How to pronounce the “ng” sound: /ŋ/
The “ng” sound, or /ŋ/ sound, is a voiced nasal consonant produced with the back of the tongue touching the soft palate. The air flows out of the nose. Don’t release your tongue when you pronounce the g.
In American English, you don’t drop the final g in the word ending -ing, but you don’t want to over-pronounce it either.
This sound is challenging for many English learners as they may easily confuse it with the /n/ and /nk/ sounds, depending on their native language influence. If this is something you struggle with, read on!
The “ng” sound /ŋ/ vs. /n/ and /nk/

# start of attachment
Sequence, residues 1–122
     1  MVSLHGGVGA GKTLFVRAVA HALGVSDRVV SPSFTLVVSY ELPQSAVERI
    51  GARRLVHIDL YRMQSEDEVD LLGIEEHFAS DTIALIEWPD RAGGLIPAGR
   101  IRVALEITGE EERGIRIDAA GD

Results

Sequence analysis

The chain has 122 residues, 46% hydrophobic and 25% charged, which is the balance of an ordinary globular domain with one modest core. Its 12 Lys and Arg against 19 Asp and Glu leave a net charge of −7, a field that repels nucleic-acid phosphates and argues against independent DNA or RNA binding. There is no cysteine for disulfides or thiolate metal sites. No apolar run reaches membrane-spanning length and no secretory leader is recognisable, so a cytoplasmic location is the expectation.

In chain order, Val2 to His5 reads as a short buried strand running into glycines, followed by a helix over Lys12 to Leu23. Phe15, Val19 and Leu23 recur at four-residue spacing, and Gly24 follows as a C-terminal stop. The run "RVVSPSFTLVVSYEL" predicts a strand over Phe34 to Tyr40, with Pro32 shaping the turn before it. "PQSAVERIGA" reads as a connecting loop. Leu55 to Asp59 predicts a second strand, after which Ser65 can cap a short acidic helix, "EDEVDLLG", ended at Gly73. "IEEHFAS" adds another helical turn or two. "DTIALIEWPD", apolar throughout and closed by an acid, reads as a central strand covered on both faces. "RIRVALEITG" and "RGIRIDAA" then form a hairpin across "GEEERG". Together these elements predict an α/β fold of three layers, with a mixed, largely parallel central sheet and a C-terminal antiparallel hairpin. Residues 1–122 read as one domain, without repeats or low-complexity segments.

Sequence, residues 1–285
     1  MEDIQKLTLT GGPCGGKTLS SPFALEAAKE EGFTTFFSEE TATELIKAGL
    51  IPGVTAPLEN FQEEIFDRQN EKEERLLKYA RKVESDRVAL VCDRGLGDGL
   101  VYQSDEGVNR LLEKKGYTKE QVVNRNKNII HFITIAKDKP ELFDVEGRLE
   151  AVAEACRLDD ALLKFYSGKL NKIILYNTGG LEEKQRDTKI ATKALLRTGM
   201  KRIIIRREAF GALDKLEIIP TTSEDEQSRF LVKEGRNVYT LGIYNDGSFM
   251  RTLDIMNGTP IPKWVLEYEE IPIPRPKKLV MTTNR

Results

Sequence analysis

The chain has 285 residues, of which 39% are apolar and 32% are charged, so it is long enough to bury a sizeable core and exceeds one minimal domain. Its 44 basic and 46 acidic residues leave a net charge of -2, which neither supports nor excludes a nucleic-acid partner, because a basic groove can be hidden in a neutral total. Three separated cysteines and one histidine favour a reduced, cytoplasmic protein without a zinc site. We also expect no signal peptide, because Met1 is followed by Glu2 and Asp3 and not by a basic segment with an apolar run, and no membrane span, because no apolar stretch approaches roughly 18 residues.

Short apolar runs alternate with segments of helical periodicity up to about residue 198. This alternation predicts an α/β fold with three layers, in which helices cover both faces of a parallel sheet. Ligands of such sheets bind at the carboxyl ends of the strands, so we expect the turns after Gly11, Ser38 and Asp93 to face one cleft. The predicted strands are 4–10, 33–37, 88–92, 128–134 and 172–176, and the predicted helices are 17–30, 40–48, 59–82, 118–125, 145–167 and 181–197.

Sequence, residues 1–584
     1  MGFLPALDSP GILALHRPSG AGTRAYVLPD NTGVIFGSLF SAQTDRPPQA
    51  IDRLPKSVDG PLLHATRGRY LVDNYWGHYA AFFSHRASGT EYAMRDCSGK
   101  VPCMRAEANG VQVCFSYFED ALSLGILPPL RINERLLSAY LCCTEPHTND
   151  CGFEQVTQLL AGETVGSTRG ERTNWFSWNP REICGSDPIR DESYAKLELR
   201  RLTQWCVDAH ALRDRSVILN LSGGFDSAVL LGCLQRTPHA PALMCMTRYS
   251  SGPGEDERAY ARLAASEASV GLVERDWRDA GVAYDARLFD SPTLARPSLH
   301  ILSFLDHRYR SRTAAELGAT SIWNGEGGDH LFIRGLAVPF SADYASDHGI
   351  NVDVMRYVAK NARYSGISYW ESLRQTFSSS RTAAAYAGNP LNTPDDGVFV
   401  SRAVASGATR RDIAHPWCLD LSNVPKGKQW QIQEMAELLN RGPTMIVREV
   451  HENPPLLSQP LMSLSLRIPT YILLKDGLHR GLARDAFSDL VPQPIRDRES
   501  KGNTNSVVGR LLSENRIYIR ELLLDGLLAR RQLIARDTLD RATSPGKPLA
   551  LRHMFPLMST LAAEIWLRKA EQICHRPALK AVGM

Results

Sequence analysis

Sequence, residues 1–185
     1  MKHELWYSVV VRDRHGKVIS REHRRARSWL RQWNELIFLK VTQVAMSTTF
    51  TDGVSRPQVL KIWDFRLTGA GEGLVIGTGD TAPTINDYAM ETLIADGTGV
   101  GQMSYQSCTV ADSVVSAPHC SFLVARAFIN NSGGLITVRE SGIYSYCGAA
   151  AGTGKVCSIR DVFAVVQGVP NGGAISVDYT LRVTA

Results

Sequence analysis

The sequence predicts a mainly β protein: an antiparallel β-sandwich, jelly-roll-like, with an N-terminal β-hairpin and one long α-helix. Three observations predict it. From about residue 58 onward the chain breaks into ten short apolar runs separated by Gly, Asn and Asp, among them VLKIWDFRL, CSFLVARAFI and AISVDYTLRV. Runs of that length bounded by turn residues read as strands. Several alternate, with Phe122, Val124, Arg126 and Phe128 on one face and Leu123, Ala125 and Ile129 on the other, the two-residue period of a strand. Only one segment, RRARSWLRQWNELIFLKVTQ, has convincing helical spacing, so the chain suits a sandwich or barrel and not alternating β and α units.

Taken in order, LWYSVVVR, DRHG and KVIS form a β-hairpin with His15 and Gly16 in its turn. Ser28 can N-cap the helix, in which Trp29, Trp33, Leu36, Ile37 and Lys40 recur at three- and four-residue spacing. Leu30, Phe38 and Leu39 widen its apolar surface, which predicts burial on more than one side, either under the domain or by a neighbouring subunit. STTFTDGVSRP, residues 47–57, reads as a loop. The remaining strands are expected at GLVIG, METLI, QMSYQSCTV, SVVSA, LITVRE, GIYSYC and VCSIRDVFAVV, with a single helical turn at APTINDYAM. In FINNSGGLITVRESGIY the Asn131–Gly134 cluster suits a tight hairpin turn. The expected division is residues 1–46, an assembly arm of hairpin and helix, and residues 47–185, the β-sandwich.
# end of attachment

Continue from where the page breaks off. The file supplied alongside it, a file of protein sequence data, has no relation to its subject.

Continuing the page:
Remember, to pronounce /n/ as in pin, the tip of the tongue touches the gum ridge, just behind the teeth.
To pronounce /ŋ/ as in king, the tip of the tongue is down, not touching anything. The back of the tongue is up, touching the soft palate at the back of your mouth.
Again, be careful not to release the tongue when pronouncing the final g, or this could be confused with a /nk/ sound, as in sink.
Practice the “ng” sound with commonly confused minimal pairs:
Focus on the difference in pronunciation between the /ŋ/ sound vs. /nk/ and /n/
- Thing – think – thin Sung – sunk- sun
- Wing – wink – win Ring – rink – Rin
- Rang – rank – ran
To learn more about other tricky consonant sounds, check out these articles:
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